Goodness grows out of righteous integrity. The person who manifests God's goodness thinks good thoughts, speaks good words, and performs good deeds. What the person thinks lines up with what he speaks, and what he speaks lines up with what he does. He is consistent in the integrity of his life.
Through self-justification and excuse-making, Satan attacks our integrity and tempts us to disguise our sins so that we fool ourselves about what is truly good. Whether it is the woman who justifies leaving her husband because she is unhappy or the alcoholic who explains away his drinking as stress relief, these people are not experiencing goodness—they are living a lie. The problem is that our flesh prefers the lie—but this is the way to destruction.
The person who manifests God's goodness thinks good thoughts, speaks good words, and performs good deeds.
Writing to the Galatians in the middle of the first century AD, Paul warns against the very same sins we face today, and he tells us they are obvious: "Sexual immorality, impurity and debauchery; idolatry and witchcraft; hatred, discord, jealousy, fits of rage, selfish ambition, dissensions, factions and envy; drunkenness, orgies, and the like" (Galatians 5:19-21).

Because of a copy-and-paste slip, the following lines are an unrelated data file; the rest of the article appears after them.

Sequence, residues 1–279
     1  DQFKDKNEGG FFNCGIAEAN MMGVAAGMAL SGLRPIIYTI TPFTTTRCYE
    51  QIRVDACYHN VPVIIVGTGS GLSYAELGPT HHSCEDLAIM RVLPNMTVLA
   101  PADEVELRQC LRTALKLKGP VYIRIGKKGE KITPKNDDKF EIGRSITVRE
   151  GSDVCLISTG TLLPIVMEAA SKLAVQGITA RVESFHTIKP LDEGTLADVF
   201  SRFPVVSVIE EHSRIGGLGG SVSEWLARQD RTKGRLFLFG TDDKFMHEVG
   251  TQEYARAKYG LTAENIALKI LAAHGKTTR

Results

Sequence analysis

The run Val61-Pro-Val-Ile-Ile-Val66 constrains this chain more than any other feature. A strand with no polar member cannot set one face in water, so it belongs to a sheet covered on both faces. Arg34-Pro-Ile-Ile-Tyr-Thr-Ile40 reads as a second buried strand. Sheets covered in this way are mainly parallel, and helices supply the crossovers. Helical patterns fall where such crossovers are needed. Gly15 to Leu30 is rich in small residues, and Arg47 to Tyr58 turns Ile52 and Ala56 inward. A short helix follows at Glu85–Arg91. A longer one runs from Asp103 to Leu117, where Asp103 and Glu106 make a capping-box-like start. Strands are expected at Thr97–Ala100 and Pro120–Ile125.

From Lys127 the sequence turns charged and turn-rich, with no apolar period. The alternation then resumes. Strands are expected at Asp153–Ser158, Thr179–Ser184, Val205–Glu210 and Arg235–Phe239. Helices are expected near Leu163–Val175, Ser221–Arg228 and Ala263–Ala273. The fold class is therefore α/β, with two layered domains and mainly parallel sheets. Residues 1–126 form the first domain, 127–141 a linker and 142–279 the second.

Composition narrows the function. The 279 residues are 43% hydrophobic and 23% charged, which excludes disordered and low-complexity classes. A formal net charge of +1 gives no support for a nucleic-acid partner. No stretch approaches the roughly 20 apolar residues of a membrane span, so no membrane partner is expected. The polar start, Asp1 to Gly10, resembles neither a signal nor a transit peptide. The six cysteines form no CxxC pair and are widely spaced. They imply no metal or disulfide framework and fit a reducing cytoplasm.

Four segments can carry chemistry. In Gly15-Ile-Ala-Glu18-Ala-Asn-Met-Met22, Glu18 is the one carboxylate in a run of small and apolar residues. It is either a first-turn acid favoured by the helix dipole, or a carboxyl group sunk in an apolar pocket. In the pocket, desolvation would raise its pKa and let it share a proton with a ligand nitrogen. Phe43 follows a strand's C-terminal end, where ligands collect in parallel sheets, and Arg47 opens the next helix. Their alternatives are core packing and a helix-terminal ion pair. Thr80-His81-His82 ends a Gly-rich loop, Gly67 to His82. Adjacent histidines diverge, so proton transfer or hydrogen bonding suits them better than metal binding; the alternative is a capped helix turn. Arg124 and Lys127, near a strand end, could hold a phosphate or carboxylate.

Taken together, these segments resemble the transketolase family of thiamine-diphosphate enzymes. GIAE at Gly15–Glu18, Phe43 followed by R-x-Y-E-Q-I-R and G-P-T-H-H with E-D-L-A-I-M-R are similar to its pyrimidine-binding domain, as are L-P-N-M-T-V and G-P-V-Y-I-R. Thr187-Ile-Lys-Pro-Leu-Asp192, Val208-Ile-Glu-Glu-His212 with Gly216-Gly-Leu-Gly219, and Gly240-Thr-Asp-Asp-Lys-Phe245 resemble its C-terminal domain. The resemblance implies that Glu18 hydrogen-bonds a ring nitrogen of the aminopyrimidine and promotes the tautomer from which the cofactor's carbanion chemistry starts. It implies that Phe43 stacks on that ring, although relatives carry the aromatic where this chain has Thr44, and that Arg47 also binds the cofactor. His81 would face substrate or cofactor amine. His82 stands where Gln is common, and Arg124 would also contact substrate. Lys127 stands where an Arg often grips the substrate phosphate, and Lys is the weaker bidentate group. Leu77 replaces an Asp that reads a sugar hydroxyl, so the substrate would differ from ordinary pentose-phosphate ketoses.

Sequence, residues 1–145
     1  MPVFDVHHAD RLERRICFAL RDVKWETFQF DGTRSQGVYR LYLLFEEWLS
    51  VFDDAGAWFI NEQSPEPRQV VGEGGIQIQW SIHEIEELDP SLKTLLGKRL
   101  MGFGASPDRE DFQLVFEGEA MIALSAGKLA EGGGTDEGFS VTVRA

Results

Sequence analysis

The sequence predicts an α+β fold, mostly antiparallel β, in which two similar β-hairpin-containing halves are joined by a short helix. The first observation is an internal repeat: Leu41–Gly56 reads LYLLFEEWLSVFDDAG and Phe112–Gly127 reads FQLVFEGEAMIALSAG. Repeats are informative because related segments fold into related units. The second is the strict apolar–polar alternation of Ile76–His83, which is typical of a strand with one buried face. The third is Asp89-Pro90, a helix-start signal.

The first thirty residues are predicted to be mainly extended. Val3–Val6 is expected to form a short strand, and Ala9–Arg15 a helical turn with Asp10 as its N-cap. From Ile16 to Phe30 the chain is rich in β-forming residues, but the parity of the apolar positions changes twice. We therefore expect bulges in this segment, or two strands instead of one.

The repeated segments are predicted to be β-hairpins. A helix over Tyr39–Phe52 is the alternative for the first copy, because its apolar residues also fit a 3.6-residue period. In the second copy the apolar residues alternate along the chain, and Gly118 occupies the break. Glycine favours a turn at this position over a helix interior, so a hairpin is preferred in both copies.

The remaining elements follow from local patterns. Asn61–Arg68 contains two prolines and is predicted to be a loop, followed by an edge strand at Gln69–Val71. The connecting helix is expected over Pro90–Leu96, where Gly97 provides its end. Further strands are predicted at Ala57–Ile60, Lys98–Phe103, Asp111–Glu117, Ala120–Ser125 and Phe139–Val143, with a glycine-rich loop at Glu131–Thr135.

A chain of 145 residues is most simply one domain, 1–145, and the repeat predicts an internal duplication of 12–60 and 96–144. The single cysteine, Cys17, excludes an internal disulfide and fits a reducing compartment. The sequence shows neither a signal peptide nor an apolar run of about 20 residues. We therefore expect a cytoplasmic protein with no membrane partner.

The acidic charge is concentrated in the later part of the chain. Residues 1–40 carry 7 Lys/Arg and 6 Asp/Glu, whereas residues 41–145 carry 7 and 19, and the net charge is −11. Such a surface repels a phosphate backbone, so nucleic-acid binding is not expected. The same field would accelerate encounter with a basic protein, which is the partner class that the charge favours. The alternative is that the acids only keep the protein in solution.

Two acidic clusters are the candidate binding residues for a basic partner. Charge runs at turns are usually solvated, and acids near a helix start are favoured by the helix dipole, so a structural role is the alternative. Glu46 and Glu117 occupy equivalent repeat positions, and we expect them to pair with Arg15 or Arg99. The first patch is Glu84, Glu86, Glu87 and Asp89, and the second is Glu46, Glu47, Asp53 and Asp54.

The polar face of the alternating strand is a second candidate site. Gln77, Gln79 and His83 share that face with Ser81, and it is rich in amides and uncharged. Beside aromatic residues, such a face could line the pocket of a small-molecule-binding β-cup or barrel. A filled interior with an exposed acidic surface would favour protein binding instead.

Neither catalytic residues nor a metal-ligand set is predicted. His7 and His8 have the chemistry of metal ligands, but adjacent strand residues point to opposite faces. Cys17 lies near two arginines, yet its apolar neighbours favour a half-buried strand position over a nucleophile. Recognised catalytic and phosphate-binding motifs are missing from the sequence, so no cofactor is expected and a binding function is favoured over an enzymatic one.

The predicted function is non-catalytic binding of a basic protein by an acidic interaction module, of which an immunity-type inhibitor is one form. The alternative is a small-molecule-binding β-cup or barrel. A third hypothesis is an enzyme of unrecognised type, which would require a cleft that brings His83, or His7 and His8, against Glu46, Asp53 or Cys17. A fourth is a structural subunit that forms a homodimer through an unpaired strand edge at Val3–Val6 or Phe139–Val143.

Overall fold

Lies and deception fragment our lives. We are torn between what we do and what we should do. It is always Satan's purpose to separate us from God and to divide us from one another. Satan seeks to create disharmony in our emotions, thoughts, and motives. The works of the flesh create confusion over what is right and wrong and cause division in our relationships, birthing distrust and alienation. They are in direct conflict with the Spirit, who produces "love, joy, peace, forbearance, kindness, goodness, faithfulness, gentleness and self-control" in our lives if we will but walk in the light of Truth (Galatians 5:22-23).